Future of Work

This is your most precious asset at work

Kim Keon-hoon, a worker with Byucksan Engineering & Construction, looks out through the window from his empty two-bathroom, four-bedroom apartment before an interview with Reuters, in the middle class suburb in Goyang, north of Seoul April 1, 2013. Kim says he was forced to buy an unsold 800 million won ($716,400) apartment, built by his employer in 2008, as the company teetered on the edge of bankruptcy. Five years after the global financial crisis, South Korean construction workers are feeling the pinch more than ever as they shoulder a mountain of debt from a real estate bust that has cast a long shadow on the country's growth prospects. Picture taken April 1, 2013.   REUTERS/Lee Jae-Won (SOUTH KOREA - Tags: BUSINESS REAL ESTATE) - RTX105GC

How can we protect the most precious asset we have: our reputation? Image:  REUTERS/Lee Jae-Won

Paolo Gallo
Adjunct Professor Bocconi University, Founder Compass Consulting, Executive Coach
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Future of Work

As I am Italian, let me invite you to an Opera: Il Barbiere di Siviglia, which was performed for the first time exactly 200 years ago in 1816, by Gioacchino Rossini. Halfway thought the opera you will hear Don Basilio singing the famous “La calunnia e’ un venticello," or "Calumny is a little breeze”.

Calumny is a little breeze,

A gentle zephyr,

which insensibly, subtly,

lightly and sweetly,

commences to whisper.

Softly softly, here and there,

sottovoce, sibilant,

it goes gliding, it goes rambling.

Into the ears of the people,

it penetrates slyly

and the head and the brains

it stuns and it swells.

From the mouth re-emerging

the noise grows crescendo,

gathers force little by little,

runs its course from place to place,

seems the thunder of the tempest

which from the depths of the forest

comes whistling, muttering,

freezing everyone in horror.

Finally with crack and crash,

it spreads afield, its force redoubled,

and produces an explosion

like the outburst of a cannon,

an earthquake, a whirlwind,

a general uproar,

which makes the air resound.

And the poor slandered wretch,

vilified, trampled down,

sunk beneath the public lash,

by good fortune, falls to death.

Even without the melodrama of opera, the idea of losing our reputation is a terrifying prospect. So, how can we avoid calumny in our careers and protect the most precious asset we have? Let me share a few examples, so that you can consider what you would do if you found yourself in these situations.

• You are a senior accountant in a prestigious company and you are instructed to carry out a review for a pharmaceutical company, which is a very important customer. In the analysis, you find that your client company has accounted for more than 2 million euros on expired drugs and medicines; if you remove the value of the expired medicines it would mean that your client would suffer a financial loss. You share this information with your supervisor, who tells us to give up because “our company cannot afford to lose a client like them”. The same evening, the client invites you to dinner, they order food and expensive wines and give you an expensive golden pen, counting on your “discreet collaboration”.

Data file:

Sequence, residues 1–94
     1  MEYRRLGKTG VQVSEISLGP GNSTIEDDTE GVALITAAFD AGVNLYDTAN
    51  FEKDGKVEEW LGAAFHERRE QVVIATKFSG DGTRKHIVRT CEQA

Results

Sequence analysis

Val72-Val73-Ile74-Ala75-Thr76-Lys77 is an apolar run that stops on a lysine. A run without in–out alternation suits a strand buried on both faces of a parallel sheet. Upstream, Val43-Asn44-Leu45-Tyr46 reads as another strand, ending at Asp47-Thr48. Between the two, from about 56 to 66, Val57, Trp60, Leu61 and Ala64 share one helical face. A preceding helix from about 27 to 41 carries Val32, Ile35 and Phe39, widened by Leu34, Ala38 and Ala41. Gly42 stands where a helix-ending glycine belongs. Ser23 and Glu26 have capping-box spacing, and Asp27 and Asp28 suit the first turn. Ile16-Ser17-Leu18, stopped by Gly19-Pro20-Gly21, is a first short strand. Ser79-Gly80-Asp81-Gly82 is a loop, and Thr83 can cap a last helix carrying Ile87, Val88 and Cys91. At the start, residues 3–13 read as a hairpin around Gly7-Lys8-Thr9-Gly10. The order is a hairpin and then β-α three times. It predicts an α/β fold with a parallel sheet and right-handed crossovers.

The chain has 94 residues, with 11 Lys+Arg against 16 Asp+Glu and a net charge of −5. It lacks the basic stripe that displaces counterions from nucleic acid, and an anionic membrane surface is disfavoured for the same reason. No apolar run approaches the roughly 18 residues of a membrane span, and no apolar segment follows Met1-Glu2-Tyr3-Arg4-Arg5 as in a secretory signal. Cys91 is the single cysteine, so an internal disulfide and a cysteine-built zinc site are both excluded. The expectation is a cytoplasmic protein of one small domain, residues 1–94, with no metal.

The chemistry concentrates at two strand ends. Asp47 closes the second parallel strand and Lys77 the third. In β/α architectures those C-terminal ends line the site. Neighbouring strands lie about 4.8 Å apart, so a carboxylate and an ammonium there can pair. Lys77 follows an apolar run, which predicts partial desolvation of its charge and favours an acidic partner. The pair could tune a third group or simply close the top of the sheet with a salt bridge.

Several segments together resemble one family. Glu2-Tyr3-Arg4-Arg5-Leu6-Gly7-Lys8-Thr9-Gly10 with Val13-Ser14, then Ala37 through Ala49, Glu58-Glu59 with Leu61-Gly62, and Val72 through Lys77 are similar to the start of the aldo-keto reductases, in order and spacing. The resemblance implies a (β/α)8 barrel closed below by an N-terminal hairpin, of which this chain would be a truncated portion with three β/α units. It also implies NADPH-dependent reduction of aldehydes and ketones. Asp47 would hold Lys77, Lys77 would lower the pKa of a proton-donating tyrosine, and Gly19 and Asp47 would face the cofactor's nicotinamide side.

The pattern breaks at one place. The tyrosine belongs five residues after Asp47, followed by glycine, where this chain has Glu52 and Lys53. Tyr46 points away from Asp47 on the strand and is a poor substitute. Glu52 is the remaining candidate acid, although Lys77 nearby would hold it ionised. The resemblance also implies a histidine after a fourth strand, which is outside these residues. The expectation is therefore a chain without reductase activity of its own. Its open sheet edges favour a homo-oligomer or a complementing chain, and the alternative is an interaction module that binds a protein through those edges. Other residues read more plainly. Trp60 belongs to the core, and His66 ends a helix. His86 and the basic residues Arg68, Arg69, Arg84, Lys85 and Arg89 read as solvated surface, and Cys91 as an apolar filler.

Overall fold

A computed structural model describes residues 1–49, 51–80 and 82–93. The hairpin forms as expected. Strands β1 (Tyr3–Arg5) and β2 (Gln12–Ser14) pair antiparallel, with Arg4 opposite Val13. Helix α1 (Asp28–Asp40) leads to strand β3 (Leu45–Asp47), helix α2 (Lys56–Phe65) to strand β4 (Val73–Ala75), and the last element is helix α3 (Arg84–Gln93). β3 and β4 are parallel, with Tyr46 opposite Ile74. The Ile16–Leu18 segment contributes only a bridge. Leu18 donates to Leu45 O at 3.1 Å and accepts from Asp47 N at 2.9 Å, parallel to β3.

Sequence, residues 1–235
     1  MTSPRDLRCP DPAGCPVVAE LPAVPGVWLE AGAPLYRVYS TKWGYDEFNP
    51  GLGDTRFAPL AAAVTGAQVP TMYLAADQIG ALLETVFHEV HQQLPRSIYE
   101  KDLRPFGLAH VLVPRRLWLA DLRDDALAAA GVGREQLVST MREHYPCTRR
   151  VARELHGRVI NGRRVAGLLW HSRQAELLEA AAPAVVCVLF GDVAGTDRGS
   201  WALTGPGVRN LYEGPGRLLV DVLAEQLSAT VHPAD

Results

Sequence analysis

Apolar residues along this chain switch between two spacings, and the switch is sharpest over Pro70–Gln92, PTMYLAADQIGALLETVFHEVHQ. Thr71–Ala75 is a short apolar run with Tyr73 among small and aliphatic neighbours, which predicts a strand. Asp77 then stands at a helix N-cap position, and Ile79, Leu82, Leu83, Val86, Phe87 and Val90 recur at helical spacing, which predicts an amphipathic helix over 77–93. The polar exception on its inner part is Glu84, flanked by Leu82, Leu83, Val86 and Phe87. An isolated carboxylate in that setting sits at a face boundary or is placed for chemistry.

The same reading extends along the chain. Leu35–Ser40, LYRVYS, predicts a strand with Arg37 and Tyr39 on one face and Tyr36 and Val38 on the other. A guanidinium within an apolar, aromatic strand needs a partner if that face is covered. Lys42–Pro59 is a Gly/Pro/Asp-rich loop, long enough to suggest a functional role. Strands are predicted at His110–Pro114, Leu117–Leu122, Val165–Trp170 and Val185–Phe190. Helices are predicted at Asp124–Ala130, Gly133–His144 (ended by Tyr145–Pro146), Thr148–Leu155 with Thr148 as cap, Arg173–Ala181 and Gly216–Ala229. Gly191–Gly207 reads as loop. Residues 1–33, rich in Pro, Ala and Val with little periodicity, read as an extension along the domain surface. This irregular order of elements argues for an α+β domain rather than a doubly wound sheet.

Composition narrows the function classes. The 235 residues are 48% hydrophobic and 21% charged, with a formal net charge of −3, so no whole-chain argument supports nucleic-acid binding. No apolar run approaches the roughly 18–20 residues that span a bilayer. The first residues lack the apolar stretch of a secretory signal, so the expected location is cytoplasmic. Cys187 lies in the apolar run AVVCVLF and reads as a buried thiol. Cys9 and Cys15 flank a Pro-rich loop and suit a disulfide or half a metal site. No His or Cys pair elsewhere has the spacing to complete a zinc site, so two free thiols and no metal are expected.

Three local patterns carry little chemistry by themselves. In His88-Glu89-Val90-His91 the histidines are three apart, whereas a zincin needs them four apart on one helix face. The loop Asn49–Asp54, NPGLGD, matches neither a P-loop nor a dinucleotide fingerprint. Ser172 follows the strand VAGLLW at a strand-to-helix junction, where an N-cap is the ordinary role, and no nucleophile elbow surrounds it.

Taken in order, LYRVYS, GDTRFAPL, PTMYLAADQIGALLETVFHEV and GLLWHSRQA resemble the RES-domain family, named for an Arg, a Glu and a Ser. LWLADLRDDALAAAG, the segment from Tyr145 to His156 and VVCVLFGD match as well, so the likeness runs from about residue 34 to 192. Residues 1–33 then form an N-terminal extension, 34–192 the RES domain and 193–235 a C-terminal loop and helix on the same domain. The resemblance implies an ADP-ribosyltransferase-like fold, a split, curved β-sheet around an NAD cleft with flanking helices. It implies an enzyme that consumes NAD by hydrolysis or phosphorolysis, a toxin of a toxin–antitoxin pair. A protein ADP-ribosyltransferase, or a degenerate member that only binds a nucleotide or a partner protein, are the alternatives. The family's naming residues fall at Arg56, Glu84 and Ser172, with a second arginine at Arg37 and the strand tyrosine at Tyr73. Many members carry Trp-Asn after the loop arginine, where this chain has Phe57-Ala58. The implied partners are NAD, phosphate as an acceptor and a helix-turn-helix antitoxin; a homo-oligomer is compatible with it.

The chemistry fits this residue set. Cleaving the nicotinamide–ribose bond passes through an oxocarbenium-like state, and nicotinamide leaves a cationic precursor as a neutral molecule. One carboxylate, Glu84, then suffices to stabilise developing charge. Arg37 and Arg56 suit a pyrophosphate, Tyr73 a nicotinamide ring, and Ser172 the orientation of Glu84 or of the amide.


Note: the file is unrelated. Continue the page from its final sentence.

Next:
• You work in the legal department, and you find that the procurement and contract for a very important assignment has been won by a company whose owner is a close relative of the President.

• You organize a training course in a foreign country, with about 120 participants coming from all over the world. The teaching material that you sent has been stopped at the border for no reason. They inform you that “difficult customs practices can only be resolved in if we make a cash payment today of $ 5,000,” otherwise you will be obliged to cancel the course.

• One of your colleagues has written a book and is ordering 300 copies at the company's expense, to be distributed as teaching material in a course organized by him.

• You find that the IT system of your company has been encrypted. You inform your boss and he asks you not to tell anyone, adding that next week he will have to decide about your promotion.

• You are a doctor. A well-known pharmaceutical company invites you on a cruise to the Caribbean, as long as your prescriptions only recommend their products.

• You need to recruit several senior staff. A search firm contacts you offering an amount equal to six months of your salary if you assign the lucrative task to them.

• An employee sends a medical certificate for three months, from June to September. By total coincidence you meet him in late July in the tourist village where you realize that he’s working as swimming instructor. The employee, a close relative of the resort manager, offers you a free holiday, as long as you keep quiet about meeting him.

• You represent your company for a major contract. A person from the competitor company offers you a brand new car if you offer your products at a certain price, too high to win the contract.

• You learn that a very senior person in your organization is using people in his team for business not related to his position, while another one has recruited a close family member. Both people are very influential and could derail your career.

So, what would you do if you found yourself in similar situations?

The point is that you will face choices that will force you to choose between sticking to your ethical values or stipulating a pact with the devil; some obvious, other less so. But there is no half-way house here. In my 25-year career I have seen many decent people who have signed a Mephistolian pact. They may survive today, but in the long run they end up disappearing in the darkness Don Giovanni’s Mozart.

Aren’t we enjoying a long night at the Opera?

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